Understanding the formation of Mediterranean–African–Asian disjunctions: evidence for Miocene climate-driven vicariance and recent long-distance dispersal in the Tertiary relict Smilax aspera (Smilacaceae)

Authors

  • Chen Chen,

    1. Key Laboratory of Conservation Biology for Endangered Wildlife of the Ministry of Education, and College of Life Sciences, Zhejiang University, Hangzhou, China
    2. Laboratory of Systematic & Evolutionary Botany and Biodiversity, Institute of Plant Sciences, and Conservation Center for Gene Resources of Endangered Wildlife, Zhejiang University, Hangzhou, China
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    • These authors contributed equally to this work.
  • Zhe-Chen Qi,

    1. Key Laboratory of Conservation Biology for Endangered Wildlife of the Ministry of Education, and College of Life Sciences, Zhejiang University, Hangzhou, China
    2. Laboratory of Systematic & Evolutionary Botany and Biodiversity, Institute of Plant Sciences, and Conservation Center for Gene Resources of Endangered Wildlife, Zhejiang University, Hangzhou, China
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    • These authors contributed equally to this work.
  • Xi-Hui Xu,

    1. Key Laboratory of Conservation Biology for Endangered Wildlife of the Ministry of Education, and College of Life Sciences, Zhejiang University, Hangzhou, China
    2. Laboratory of Systematic & Evolutionary Botany and Biodiversity, Institute of Plant Sciences, and Conservation Center for Gene Resources of Endangered Wildlife, Zhejiang University, Hangzhou, China
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    • These authors contributed equally to this work.
  • Hans Peter Comes,

    1. Department of Organismic Biology, Salzburg University, Salzburg, Austria
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  • Marcus A. Koch,

    1. Department of Biodiversity and Plant Systematics and Botanical Garden and Herbarium Heidelberg (HEID), Center for Organismal Studies (COS) Heidelberg, Heidelberg University, Heidelberg, Germany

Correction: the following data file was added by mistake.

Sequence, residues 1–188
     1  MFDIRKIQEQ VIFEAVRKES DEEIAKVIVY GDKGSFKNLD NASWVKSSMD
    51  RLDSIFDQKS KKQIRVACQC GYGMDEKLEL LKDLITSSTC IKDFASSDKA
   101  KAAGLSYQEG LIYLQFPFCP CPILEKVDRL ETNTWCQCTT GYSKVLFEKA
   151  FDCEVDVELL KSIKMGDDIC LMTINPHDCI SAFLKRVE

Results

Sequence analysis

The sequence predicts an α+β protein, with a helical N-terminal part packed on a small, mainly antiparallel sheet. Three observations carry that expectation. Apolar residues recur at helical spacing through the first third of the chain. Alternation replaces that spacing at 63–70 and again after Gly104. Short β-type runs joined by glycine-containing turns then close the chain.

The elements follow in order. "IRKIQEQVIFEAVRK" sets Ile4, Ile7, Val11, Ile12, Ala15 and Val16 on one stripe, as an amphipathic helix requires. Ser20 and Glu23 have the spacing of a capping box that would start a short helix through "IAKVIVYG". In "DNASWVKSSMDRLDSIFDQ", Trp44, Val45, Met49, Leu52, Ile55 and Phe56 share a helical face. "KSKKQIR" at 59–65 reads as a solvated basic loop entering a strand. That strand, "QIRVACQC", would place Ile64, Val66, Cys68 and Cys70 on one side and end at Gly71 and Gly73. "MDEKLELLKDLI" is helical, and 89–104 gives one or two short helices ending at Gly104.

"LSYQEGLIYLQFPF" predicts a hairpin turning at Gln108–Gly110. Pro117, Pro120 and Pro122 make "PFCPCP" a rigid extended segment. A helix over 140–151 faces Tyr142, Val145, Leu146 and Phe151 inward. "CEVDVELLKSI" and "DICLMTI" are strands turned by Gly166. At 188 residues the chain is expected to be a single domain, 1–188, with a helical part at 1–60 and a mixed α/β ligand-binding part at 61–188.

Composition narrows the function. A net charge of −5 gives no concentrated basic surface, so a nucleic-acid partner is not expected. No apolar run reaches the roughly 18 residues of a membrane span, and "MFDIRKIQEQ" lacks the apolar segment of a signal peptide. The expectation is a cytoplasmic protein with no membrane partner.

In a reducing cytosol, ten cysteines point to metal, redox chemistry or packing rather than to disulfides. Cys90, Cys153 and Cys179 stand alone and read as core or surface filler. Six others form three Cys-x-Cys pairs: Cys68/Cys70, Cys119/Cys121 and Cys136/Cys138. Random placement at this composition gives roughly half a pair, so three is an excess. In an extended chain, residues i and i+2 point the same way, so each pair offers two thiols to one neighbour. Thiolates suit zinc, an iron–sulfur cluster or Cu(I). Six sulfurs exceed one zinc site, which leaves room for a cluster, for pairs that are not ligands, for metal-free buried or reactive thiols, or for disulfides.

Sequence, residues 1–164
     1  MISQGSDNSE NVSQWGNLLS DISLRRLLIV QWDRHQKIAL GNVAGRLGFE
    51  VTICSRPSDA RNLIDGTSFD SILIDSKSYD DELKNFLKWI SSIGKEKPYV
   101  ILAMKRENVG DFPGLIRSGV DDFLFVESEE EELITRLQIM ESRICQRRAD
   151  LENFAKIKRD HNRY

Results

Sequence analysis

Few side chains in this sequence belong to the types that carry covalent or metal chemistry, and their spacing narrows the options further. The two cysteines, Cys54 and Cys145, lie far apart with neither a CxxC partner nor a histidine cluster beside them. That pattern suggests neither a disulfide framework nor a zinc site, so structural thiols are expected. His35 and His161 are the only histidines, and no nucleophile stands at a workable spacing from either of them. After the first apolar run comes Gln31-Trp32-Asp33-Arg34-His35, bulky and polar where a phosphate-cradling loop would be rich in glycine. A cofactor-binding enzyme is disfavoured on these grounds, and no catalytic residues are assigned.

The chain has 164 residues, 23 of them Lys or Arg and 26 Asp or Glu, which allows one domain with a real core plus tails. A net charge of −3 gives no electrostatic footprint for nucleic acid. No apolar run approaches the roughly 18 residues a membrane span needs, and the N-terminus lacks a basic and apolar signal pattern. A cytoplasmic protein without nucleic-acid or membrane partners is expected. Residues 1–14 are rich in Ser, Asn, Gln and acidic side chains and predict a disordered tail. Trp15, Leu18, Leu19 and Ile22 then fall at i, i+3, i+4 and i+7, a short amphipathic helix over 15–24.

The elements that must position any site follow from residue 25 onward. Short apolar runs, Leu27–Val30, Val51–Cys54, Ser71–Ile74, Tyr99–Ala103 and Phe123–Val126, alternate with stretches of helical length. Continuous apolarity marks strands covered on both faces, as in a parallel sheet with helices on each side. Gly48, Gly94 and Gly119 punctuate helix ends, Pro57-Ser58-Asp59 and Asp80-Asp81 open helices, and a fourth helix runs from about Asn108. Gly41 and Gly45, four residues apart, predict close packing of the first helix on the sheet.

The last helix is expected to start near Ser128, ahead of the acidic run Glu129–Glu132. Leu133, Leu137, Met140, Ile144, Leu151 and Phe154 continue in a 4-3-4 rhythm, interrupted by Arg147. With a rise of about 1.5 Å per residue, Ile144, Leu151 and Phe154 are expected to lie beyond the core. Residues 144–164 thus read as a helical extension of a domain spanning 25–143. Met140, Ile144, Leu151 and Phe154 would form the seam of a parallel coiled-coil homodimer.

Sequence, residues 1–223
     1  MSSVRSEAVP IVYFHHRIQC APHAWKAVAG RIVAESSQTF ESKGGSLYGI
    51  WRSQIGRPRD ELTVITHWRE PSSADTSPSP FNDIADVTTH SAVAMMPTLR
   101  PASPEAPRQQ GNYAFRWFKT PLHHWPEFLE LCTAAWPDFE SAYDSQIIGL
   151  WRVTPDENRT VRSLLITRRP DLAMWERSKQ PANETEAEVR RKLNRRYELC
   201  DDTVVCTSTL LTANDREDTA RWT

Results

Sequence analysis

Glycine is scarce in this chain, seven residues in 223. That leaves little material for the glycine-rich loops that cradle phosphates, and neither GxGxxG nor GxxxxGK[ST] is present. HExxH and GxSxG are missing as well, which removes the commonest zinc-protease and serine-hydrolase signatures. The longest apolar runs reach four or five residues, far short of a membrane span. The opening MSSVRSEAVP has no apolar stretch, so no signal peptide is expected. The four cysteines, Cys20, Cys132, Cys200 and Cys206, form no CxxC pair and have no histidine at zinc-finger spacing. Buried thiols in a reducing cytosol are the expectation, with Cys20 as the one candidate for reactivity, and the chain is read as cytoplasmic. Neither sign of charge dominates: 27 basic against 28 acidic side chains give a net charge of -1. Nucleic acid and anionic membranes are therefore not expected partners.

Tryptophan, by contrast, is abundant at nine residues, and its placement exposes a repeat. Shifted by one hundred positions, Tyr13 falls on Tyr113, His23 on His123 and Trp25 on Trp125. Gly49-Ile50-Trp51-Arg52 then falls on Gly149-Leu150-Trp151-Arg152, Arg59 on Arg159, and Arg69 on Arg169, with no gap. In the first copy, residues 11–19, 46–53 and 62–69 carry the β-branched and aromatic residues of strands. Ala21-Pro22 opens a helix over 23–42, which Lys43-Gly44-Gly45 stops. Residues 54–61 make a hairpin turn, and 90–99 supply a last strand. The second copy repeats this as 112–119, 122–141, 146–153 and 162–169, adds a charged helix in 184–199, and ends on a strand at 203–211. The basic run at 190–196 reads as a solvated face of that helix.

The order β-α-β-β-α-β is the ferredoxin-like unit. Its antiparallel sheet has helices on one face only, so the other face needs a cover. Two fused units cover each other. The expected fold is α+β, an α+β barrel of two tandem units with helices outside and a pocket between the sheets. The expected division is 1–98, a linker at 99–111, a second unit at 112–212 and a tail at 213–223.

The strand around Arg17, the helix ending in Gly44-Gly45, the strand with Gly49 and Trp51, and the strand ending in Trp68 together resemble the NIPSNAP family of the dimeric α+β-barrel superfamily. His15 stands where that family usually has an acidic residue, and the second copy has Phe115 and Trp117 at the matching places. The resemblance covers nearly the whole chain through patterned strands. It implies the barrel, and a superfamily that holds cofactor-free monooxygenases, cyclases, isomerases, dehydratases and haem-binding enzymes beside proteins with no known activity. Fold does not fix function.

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  • Xin-Jie Jin,

    1. Key Laboratory of Conservation Biology for Endangered Wildlife of the Ministry of Education, and College of Life Sciences, Zhejiang University, Hangzhou, China
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  • Cheng-Xin Fu,

    Corresponding author
    1. Key Laboratory of Conservation Biology for Endangered Wildlife of the Ministry of Education, and College of Life Sciences, Zhejiang University, Hangzhou, China
    2. Laboratory of Systematic & Evolutionary Botany and Biodiversity, Institute of Plant Sciences, and Conservation Center for Gene Resources of Endangered Wildlife, Zhejiang University, Hangzhou, China
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  • Ying-Xiong Qiu

    Corresponding author
    1. Key Laboratory of Conservation Biology for Endangered Wildlife of the Ministry of Education, and College of Life Sciences, Zhejiang University, Hangzhou, China
    2. Laboratory of Systematic & Evolutionary Botany and Biodiversity, Institute of Plant Sciences, and Conservation Center for Gene Resources of Endangered Wildlife, Zhejiang University, Hangzhou, China
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Summary

  • Tethyan plant disjunctions, including Mediterranean–African–Asian disjunctions, are thought to be vicariant, but their temporal origin and underlying causes remain largely unknown. To address this issue, we reconstructed the evolutionary history of Smilax aspera, a hypothesized component of the European Tertiary laurel forest flora.
  • Thirty-eight populations and herbarium specimens representing 57 locations across the species range were sequenced at seven plastid regions and the nuclear ribosomal internal transcribed spacer region. Time-calibrated phylogenetic and phylogeographic inferences were used to trace ancestral areas and biogeographical events.
  • The deep intraspecific split between Mediterranean and African–Asian lineages is attributable to range fragmentation of a southern Tethyan ancestor, as colder and more arid climates developed shortly after the mid-Miocene. In the Mediterranean, climate-induced vicariance has shaped regional population structure since the Late Miocene/Early Pliocene. At around the same time, East African and South Asian lineages split by vicariance, with one shared haplotype reflecting long-distance dispersal.
  • Our results support the idea that geographic range formation and divergence of Tertiary relict species are more or less gradual (mostly vicariant) processes over long time spans, rather than point events in history. They also highlight the importance of the Mediterranean Basin as a centre of intraspecific divergence for Tertiary relict plants.

Ancillary